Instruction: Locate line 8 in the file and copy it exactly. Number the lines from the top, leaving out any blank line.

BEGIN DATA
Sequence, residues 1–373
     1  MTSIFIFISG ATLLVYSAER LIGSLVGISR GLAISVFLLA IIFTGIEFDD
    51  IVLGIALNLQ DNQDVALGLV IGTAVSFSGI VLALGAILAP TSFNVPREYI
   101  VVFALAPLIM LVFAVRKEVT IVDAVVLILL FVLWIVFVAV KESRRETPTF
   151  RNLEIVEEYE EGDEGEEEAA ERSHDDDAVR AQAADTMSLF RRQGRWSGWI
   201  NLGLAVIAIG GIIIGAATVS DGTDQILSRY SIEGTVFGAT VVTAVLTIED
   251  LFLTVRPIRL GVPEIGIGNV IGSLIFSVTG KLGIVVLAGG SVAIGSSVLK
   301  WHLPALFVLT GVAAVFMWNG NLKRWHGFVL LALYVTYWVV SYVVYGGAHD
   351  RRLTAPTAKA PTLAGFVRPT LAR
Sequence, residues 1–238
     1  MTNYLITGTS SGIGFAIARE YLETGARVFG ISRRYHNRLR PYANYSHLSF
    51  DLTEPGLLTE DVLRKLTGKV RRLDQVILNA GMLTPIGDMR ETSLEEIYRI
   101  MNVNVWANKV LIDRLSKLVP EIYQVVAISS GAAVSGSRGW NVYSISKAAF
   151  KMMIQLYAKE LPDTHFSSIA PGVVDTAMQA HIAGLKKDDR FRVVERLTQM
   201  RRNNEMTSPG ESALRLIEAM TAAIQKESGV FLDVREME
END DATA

   301  WHLPALFVLT GVAAVFMWNG NLKRWHGFVL LALYVTYWVV SYVVYGGAHD